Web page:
Two girls and two boys, standing stock-still. They all shrugged and glanced away from the corpse. One of the boys lurched to the sidewalk curb and vomited into the gutter.
“Yeah. I did.” The blonde rubbed a hand over her mouth, her trance now broken. “Just in the last second.”
“Do you have a phone?”
“What?” She glanced at him for the first time. Her eyes swept over his face as if she were memorizing the features of his eyes, nose, mouth.
“To call 9-1-1.”
Her look suggested some uncertainty. Then she rummaged through a small purse that hung from her shoulder by a chain strap.
“Here.” She offered Finch her Nokia.
He made a mental note of her number on the flash screen, then placed the call. The dispatcher advised him that a response team would be by as soon as possible. Meanwhile, he should remain on the line and not leave the scene. As he waited, he leaned his buttocks on the door of a parked car, pressed his ear
to the cellphone and stared at the building. He counted fourteen stories which rose above the Bank of America outlet on the corner of Stockton and Washington Streets. He tried to determine how many apartments had open windows. Maybe six. His eyes swept from room to room, scanned for fluttering curtains or someone above who might be peering back at him. Nothing.

Then he detected something unusual. Behind the curtains in an apartment on the eleventh floor a lamp clicked on, then off. On and off. As the pattern continued Finch tried to time the periods of each interval. Five seconds, seven, ten. Then the apartment blinked into darkness. And lit up again.








An Amazon bestselling author, D.F. Bailey is a W.H. Smith First Novel Award and a Whistler Independent Book Award finalist.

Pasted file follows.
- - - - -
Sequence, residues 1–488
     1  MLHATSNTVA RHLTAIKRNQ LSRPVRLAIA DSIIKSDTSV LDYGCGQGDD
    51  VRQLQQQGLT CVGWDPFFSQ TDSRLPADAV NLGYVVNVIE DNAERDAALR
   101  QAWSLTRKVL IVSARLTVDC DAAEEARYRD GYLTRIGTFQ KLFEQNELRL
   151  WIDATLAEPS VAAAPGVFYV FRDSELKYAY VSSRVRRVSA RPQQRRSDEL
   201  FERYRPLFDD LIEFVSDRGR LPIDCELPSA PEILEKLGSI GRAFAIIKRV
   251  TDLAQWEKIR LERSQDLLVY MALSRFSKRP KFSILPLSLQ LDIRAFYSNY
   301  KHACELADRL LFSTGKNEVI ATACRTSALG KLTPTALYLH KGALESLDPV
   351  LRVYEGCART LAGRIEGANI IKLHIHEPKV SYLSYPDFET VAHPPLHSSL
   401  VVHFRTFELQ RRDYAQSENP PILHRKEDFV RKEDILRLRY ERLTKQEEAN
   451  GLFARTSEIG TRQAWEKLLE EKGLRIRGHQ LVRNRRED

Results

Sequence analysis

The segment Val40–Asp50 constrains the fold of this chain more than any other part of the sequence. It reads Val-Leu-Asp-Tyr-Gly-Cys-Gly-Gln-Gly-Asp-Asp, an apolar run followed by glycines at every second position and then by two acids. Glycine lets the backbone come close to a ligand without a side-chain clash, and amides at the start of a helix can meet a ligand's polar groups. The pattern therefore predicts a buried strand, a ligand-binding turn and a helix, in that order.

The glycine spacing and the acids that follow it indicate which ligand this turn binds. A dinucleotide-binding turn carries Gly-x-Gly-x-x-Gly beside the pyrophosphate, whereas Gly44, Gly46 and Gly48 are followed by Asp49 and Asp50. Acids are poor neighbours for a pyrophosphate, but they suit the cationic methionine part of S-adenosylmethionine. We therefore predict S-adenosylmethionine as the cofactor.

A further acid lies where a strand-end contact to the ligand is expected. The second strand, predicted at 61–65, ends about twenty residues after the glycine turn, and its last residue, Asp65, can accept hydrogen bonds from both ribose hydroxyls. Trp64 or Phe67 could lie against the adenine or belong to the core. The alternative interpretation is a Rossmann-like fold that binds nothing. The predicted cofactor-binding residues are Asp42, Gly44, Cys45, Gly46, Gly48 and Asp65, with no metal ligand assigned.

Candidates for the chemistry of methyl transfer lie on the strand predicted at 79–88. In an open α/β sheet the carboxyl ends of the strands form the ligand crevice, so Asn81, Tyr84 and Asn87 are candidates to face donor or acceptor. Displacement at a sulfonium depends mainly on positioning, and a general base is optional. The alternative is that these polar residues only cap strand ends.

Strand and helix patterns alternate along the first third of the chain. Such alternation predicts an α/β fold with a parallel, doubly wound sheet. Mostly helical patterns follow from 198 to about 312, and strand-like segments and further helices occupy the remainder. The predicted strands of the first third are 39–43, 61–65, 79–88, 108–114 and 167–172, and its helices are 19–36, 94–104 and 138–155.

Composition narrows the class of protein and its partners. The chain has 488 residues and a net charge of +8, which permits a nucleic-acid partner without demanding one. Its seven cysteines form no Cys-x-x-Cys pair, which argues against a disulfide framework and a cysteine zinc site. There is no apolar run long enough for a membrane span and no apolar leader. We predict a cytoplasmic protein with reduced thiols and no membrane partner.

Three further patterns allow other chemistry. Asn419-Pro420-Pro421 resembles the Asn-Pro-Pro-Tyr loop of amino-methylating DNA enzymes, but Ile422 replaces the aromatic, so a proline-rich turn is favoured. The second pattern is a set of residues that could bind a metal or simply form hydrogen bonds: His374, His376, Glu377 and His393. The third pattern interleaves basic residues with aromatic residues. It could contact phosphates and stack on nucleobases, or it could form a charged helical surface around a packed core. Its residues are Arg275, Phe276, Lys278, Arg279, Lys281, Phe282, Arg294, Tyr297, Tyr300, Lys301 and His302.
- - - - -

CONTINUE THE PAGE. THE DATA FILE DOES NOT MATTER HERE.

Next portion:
In 2015 D.F. Bailey published The Finch Trilogy — Bone Maker, Stone Eater, and Lone Hunter — three novels narrated from the point-of-view of a crime reporter in San Francisco. Second Life (2017) is the first in a series of stand-alone books that follows the characters established in the trilogy. The series prequel, Five Knives, came out in 2018.

His first novel, Fire Eyes, was optioned for film. His second novel, Healing the Dead, was translated into German as Todliche Ahnungen. The Good Lie, another psychological thriller, was recorded as an audiobook. A fourth novel, Exit from America, made its debut as an e-book in 2013.

Following his birth in Montreal, D.F. Bailey's family moved around North America from rural Ontario to New York City to McComb, Mississippi to Cape May, New Jersey. He finally "landed on his feet" on Vancouver Island — where he lives next to the Salish Sea in the city of Victoria.

For twenty-two years D.F. Bailey worked at the University of Victoria where he taught creative writing and journalism and coordinated the Professional Writing Cooperative Education Program — which he co-founded. From time to time he also freelanced as a business writer and journalist. In the fall of 2010 he left the university so that he could turn "his pre-occupation with writing into a full-blown obsession."